Original source: Materials Today
‘Yarn’ made from human tissue can be woven like a textile and could be used to help repair bodily injuries. A research team based in France is developing the material, for which the potential applications range from simple biocompatible sutures to complex woven tissues for surgical repairs.
The researchers report on their innovation and proof-of-concept creation of blood vessels in the journal Acta Biomaterialia. “Our strategy is much faster, cheaper, and more versatile than our previously described approaches,” says research group leader Nicolas L’Heureux of the University of Bordeaux.
L’Heureux and his colleagues have been working to get human cells to make tissues for body repairs for many years. “I began during my PhD studies in Quebec in the mid-1990s,” he says, emphasising that most scientific innovations develop slowly through decades of work.
He previously founded a start-up company in California – Cytograft Tissue Engineering – which was in operation for 15 years and claimed to be the first company to implant a tissue engineered blood vessel under arterial pressure. On moving his research to the BIOTIS Laboratory, linked with the University of Bordeaux, L’Heureux has been able to develop the more sophisticated concept of weaving tissue yarns.
The materials L’Heureux has spent such a long time working on are various forms of cell-assembled matrix (CAM), which human cells can be induced to grow into useful structures.
Scientists have been able to grow some tissues in the lab for years, with the best-known use being lab-grown skin for treating burns, but a major hurdle has been to create completely natural strong tissues, without having to use a synthetic scaffold. Avoiding anything synthetic offers the great advantage of biocompatibility, reducing the chance of any repair being attacked as foreign and rejected.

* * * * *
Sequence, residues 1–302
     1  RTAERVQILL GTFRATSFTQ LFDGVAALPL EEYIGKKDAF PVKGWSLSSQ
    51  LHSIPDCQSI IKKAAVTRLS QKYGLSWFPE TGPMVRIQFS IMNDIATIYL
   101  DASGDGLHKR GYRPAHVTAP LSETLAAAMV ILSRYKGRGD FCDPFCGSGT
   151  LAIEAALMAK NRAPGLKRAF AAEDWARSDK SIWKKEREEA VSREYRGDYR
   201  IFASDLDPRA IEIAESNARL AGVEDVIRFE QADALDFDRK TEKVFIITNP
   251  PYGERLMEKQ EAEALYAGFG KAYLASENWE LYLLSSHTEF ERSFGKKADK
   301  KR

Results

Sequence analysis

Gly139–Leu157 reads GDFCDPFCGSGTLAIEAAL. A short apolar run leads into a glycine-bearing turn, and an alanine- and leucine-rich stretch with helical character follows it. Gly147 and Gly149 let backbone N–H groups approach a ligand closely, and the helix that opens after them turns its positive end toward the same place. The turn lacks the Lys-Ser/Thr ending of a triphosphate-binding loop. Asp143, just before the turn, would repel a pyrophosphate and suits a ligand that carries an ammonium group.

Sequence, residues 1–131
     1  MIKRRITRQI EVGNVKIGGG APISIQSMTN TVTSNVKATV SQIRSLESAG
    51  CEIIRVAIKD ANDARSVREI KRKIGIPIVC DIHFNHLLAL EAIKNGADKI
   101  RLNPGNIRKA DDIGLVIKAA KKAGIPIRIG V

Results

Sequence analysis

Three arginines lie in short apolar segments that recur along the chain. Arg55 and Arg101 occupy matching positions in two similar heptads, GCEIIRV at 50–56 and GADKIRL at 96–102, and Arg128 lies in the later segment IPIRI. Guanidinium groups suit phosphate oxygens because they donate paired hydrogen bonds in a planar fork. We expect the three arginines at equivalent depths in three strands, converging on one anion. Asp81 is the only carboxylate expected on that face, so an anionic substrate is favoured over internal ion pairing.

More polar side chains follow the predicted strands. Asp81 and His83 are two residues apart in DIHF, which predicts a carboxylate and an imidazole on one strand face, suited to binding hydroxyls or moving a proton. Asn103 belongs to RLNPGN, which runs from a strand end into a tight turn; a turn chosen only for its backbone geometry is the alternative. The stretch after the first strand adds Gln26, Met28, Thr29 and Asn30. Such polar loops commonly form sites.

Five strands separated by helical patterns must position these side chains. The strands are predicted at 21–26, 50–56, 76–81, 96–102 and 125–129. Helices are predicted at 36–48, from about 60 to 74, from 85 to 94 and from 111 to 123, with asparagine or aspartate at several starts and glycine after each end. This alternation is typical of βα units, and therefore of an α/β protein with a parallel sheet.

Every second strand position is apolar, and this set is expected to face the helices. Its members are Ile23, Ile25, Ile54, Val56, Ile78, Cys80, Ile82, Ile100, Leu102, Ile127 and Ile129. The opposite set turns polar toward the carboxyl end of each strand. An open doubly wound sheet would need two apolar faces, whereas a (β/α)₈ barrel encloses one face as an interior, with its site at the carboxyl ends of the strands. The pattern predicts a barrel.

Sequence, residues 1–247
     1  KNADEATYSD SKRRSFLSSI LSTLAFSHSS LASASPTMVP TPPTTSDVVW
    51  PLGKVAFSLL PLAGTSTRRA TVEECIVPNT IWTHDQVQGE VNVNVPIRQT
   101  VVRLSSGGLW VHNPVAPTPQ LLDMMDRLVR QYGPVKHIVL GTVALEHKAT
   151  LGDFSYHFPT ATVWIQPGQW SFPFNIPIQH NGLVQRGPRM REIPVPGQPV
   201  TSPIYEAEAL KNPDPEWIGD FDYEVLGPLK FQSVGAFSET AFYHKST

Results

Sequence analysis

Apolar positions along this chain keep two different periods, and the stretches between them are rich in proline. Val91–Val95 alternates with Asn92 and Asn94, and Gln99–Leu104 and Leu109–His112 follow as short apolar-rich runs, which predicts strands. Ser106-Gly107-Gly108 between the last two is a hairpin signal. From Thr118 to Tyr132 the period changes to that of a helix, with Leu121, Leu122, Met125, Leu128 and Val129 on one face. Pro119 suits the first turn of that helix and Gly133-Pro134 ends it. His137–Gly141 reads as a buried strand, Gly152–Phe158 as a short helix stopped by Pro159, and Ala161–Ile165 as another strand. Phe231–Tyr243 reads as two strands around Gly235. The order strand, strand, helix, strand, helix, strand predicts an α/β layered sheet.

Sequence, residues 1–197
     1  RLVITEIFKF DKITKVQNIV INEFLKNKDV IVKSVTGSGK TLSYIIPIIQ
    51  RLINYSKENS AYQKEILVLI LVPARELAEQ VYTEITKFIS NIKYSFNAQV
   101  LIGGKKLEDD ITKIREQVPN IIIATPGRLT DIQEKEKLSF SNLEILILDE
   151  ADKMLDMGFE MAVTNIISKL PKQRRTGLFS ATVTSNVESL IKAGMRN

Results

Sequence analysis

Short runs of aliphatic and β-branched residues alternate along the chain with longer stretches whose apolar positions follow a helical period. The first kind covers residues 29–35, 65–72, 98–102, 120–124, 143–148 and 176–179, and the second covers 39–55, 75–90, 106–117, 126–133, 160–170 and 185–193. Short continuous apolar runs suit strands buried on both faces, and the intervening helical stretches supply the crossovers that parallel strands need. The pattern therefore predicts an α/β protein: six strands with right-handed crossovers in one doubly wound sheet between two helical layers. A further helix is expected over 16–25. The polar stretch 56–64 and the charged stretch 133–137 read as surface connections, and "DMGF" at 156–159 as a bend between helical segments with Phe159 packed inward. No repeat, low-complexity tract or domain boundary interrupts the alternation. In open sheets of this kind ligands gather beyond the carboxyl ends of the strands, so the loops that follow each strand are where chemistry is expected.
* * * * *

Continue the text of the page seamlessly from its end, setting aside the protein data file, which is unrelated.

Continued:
L’Heureux and his colleagues have now shown that sheets of CAM can be used to make a strong yarn by cutting the sheet into ribbons which, if desired, can then be twisted into threads.
“The yarn, whether in the form of ribbons or threads, can be made into practically any shape by weaving, braiding, or knitting,” says L’Heureux. He points out that taking this textile-like approach offers excellent control over the mechanical properties of whatever product the yarn is weaved into. The assembly of the material can also be automated, much like weaving cloth, to make production faster, easier and cheaper than previous approaches based on sheets of CAM.
In their current article the researchers demonstrate that their yarn can be fabricated into artificial blood vessels, in addition to being used as sutures to close wounds. They next plan to demonstrate its use more fully in animal models, and also to explore making a wider range of tissues. Targets include making replacement ligaments, heart valves and oesophagi, while also using the yarn to support weakened tissues that might then not need to be fully replaced. L’Heureux hopes this work can soon move onto the crucial phase of clinical trials.
L’Heureux, N. et al.: “Human textiles: A cell-synthesized yarn as a truly “bio” material for tissue engineering applications,” Acta Biomaterialia, 2020